The Supreme Court handed down the decision in the case of Fearn and others v Board of Trustees of the Tate Gallery in February 2023, finding it in favour of the claimants.
Ultimately, the Supreme Court decided that the Tate’s viewing platform constitutes a nuisance to the neighbouring residential flats. It is being touted by the press as ground-breaking for the law of nuisance. We disagree.
The Tate’s viewing platform – a nuisance?
The viewing platform at the Tate was opened in 2016, providing a panoramic view of London, as well as a view of the neighbouring flats situated approximately 34 metres away. It is estimated that the Tate receives between 500,000 – 600,000 visitors a year, with up to 300 visitors at any one time. The flat owners claimed that it was a nuisance to overlook from the Tate into the flats and that it was in breach of the residents’ privacy, breaching their Article 8 rights pursuant to the European Convention of Human Rights.
In 2019, the High Court heard the claim for an injunction to limit where visitors could stand on the viewing platform, limiting their view inside the flats. The claim was unsuccessful in both the High Court and the Court of Appeal, the Court of Appeal determining that there was no right to claim nuisance in the case of overlooking a property.
The Supreme Court’s decision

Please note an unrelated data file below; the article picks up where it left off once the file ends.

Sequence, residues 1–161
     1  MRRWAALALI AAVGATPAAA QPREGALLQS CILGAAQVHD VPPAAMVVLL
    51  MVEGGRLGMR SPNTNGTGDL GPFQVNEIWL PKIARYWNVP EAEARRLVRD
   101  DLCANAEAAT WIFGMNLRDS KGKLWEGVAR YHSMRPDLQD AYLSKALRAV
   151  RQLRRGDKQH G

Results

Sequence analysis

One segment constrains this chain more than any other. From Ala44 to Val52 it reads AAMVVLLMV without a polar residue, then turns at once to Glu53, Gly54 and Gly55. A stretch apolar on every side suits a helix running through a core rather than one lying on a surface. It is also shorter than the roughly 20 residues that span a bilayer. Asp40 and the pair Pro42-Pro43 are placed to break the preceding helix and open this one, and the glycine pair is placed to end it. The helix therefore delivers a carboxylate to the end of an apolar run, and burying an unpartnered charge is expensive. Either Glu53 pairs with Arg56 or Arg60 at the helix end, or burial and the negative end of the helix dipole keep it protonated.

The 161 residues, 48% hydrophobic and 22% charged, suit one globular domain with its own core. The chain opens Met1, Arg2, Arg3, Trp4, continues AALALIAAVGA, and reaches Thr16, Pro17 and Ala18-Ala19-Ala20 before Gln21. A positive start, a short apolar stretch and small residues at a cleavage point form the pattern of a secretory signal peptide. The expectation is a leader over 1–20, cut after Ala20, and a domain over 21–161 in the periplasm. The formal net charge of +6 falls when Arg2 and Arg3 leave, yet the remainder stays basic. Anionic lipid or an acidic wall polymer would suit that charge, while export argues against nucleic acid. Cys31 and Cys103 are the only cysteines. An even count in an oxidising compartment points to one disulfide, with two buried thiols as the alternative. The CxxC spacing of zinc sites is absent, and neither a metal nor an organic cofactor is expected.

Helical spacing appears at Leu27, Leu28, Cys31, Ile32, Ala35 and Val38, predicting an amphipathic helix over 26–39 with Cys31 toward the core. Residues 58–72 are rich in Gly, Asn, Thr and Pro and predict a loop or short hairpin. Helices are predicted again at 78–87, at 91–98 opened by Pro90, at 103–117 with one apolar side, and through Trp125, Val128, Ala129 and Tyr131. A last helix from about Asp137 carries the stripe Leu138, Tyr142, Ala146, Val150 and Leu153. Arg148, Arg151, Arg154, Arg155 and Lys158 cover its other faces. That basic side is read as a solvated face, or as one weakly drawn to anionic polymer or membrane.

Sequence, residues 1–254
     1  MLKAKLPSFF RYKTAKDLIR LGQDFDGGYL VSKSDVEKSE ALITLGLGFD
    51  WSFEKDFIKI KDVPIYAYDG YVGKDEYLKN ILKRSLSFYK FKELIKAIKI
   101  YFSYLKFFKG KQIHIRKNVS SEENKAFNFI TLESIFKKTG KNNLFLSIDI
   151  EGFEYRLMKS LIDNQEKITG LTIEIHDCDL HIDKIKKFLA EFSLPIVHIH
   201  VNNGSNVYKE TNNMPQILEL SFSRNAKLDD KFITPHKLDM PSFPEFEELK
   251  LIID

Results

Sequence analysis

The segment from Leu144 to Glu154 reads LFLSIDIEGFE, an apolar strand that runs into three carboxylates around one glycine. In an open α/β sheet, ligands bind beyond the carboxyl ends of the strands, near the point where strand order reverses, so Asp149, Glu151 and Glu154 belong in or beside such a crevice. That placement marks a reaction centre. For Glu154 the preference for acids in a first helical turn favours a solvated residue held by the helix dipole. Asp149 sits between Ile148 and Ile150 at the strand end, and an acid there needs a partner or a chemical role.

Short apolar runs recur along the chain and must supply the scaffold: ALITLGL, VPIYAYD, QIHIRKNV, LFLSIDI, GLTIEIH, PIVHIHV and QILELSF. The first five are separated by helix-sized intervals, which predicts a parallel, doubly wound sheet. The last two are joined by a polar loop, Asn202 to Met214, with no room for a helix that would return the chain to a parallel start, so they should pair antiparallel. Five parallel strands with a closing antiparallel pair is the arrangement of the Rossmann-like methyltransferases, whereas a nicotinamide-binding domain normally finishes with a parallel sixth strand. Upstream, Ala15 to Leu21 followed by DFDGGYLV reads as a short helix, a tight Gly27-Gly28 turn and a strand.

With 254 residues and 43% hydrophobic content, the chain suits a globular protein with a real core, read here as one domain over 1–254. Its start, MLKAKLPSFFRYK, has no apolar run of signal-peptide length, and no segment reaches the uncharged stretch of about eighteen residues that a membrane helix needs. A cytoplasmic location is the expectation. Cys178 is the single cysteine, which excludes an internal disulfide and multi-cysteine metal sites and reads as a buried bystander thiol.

The Supreme Court has decided that the flat owners were correct and that the Tate’s viewing platform does constitute a nuisance. In short, nuisance is the use of land which wrongfully interferes with a person’s use and enjoyment of neighbouring land. This use and enjoyment can extend to the amenity value of the land. An interference is only a nuisance where it is a substantial interference that is measured by reference to a ‘reasonable’ person, meaning it is an objective test.
Unlike the Court of Appeal, who determined that being overlooked was not capable of being a nuisance, the Supreme Court has decided that the overlook from the viewing platform was a nuisance. The viewing platform allowed individuals to take photos and videos, and upload those to social media. Images found on social media taken from the platform contained views into the neighbouring flats. It was this visual intrusion into the homes of neighbouring flat owners which was determined to be a substantial interference capable of constituting a nuisance.
The Court of Appeal largely considered that the protection the claimants required was a matter for the Government to draft legislation to protect. The Supreme Court disagreed in this case and considered that applying the law of nuisance, in this case, was not stretching or expanding the law, merely applying the tests properly.
We agree with the Supreme Court on that issue – this decision is unlikely to open the floodgates of claims for nuisance due to being overlooked. The Tate’s viewing platform provided a unique set of circumstances. The law has not been expanded to allow neighbours to make a claim of nuisance for neighbours looking over their fence.
What is next?
The Supreme Court has remitted the issue of what remedy the claimants are entitled to back to the High Court so it may be some time before we understand whether the Tate’s viewing platform is to close for good, whether it is to be restricted, or whether the claimants will be awarded damages for their loss of amenity. Either way, we do not anticipate that the judgment will have sweeping changes.
For more information
If you have any questions regarding the above, please contact Phil Scully in the property litigation team.
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